A Caveat: I make no claims this is a list of the best protest songs, they are the are the ones which most move me…but that reflects my age, my geography, and my background (which is to say, this is protest music through the filter of a middle-aged white guy … albeit one very knowledgeable in music). I am very aware that large sections of protest music are either unrepresented or underrepresented here (especially the contributions of hip-hop and folk). If you find this list does not move you, I encourage you to assemble and share your own list.
#10 Fortunate Son — Credence Clearwater Revival
While largely identified with the Vietnam War (to the extent that there are jokes about the requirement it be played during any helicopter scene in movies about that war), its lyrics are explicitly appropriate to any situation where the privileges of the few are built upon the backs of the many.
#9 “Vietnam” — Jimmy Cliff
While another explicitly Vietnam song, its author, Jamaican Reggae virtuoso Jimmy Cliff, has a lifelong record of musical and personal involvement with issues of social justice and anti-colonialism/anti-neocolonialism. No less a personage that Bob Dylan called Vietnam “the best protest song I’ve ever heard.”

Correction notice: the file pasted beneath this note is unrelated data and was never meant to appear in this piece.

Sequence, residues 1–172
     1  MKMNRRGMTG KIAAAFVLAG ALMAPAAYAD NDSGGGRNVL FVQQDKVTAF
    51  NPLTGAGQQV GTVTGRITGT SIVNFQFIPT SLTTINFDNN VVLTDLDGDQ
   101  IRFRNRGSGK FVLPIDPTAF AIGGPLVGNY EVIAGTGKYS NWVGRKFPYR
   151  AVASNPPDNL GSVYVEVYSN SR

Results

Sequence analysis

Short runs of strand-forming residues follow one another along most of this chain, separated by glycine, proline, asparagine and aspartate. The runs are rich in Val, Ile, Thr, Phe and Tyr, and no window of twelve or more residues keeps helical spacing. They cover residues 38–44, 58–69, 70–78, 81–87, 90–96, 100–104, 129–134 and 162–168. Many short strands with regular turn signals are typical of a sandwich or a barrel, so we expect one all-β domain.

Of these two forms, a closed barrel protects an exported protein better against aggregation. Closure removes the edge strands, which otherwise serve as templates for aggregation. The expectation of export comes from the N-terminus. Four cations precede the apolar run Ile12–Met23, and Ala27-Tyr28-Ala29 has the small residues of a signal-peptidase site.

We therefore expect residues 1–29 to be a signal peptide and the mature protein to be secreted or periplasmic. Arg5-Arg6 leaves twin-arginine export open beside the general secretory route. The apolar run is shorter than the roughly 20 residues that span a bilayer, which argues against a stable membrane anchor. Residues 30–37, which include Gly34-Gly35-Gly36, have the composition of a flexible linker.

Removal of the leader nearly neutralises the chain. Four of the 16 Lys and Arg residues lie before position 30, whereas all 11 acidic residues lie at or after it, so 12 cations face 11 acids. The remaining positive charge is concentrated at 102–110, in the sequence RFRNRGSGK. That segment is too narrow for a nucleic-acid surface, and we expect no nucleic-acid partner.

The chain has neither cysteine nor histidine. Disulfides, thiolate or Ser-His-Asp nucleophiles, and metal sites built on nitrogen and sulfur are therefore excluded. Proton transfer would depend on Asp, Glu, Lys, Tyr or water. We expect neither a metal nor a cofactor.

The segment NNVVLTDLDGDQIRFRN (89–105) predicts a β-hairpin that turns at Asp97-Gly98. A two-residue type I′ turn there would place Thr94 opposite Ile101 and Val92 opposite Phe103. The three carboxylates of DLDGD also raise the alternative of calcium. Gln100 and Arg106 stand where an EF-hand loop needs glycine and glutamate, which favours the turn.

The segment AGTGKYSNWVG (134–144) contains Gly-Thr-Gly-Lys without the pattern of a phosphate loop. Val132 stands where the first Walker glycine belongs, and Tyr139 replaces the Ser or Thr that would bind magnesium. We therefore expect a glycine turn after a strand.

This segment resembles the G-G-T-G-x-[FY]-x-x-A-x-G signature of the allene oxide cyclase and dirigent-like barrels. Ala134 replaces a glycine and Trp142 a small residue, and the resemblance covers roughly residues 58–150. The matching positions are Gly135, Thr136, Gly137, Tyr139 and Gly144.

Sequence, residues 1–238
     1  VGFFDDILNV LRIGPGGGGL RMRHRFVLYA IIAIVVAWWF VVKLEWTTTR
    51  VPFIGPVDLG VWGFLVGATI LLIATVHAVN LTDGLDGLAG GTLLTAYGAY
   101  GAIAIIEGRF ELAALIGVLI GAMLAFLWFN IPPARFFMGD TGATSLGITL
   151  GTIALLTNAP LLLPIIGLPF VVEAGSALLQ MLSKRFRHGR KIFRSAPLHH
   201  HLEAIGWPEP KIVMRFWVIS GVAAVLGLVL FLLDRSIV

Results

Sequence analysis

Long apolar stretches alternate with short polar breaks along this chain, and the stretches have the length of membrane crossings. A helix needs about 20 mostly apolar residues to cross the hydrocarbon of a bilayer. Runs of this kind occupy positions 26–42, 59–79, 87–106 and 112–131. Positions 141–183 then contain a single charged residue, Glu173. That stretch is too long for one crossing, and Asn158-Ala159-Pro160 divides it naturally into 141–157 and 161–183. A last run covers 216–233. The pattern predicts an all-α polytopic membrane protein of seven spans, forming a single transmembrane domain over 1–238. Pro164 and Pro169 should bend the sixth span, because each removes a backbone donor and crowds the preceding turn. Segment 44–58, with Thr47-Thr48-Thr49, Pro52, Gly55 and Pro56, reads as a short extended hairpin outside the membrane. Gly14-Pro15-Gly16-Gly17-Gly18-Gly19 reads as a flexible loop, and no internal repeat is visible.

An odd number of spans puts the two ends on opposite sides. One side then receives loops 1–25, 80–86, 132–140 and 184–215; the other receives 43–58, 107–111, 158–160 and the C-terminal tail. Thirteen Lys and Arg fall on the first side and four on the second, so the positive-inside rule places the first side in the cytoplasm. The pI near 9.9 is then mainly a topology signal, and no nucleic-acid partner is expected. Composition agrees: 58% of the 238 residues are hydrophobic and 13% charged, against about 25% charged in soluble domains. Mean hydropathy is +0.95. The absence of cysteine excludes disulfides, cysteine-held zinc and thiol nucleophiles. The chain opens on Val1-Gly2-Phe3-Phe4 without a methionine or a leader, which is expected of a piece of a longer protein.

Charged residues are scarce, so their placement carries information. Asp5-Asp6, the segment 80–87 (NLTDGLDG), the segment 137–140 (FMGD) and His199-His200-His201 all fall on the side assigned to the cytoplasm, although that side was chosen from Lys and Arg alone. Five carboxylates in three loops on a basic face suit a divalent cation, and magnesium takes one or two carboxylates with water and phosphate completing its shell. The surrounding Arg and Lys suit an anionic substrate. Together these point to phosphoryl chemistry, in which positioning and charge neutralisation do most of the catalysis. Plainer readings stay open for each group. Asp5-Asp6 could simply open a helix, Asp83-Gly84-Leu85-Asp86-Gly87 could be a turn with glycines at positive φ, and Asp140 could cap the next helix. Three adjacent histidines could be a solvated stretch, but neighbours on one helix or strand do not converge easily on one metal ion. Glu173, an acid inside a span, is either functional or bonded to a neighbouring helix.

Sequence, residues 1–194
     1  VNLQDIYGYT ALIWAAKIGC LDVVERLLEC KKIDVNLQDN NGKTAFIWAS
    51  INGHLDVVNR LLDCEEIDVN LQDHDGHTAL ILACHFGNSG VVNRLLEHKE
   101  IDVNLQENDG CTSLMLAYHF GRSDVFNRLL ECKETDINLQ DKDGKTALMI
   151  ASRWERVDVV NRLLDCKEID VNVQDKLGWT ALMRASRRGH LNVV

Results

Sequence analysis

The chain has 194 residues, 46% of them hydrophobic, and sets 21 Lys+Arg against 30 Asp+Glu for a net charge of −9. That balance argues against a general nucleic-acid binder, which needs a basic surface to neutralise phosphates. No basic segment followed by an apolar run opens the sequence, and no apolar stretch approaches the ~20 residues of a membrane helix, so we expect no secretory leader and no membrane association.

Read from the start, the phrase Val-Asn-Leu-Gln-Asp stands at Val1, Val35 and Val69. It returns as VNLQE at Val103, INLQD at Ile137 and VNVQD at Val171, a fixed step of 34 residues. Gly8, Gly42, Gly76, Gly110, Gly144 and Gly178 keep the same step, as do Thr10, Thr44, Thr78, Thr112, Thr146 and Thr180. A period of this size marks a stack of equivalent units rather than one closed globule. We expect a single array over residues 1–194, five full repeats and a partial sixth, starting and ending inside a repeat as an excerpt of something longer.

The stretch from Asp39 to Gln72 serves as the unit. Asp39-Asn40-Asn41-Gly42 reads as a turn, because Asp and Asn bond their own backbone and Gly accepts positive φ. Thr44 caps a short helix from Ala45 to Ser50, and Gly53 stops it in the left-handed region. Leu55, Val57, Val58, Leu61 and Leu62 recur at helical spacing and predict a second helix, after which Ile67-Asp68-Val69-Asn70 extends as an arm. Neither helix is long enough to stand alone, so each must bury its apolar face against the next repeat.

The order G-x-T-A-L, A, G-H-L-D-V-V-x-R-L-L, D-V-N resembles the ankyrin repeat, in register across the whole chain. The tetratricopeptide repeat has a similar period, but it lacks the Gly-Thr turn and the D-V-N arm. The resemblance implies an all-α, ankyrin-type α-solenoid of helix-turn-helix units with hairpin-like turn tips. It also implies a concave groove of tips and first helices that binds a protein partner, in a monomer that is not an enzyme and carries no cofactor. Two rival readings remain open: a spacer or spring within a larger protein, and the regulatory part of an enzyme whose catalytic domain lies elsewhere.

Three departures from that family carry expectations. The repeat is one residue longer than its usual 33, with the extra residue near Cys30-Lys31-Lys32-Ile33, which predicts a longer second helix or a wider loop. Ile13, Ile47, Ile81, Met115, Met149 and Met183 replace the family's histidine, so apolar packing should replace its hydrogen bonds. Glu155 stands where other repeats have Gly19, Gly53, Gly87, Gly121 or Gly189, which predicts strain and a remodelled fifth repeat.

#8 “Which Side Are You On” Dropkick Murphys
A traditional labor movement song, written by Florence Reece, an organizer with United Mine Workers in Kentucky during the troubled 1930s. While versions by Pete Seeger and Billy Bragg are better known, this Dropkick Murphys cover better matches my musical taste and, perhaps, the vibe of the moment.
#7 “Do You Hear the People Sing” – Les Mis
Created for the 1980 musical Les Miserables, set against the backdrop of the 1832 Paris Uprising, the song very rapidly gained genuine protest cred, being used in Eastern Europe at the end of the Cold War as well as for demonstrations in Hong Kong, Taiwan, the United States, Turkey, Ukraine, and Iraq. But, please, people … why isn’t there a punk cover of this available?
#6 Born in Chicago — Paul Butterfield Blues Band
An early hit for the PBBB, an Chicago-based outfit that were pioneers in taking blues mainstream (or, more accurately, universally mainstream) the song is condemnation of violence and the poverty, deprivation, and lack of opportunity that underpin it.
#5 “God Save the Queen” – The Sex Pistols
Yes, at the end of the day, no matter how punk rock they were, the Sex Pistols were a pre-fab boy band. That never stopped them from delivering blistering, high-octane criticism of Thatcherite Britain’s social policies (and probably works just as well for Johnson’s tenure).
#4 Rockin in the Free World – Neil Young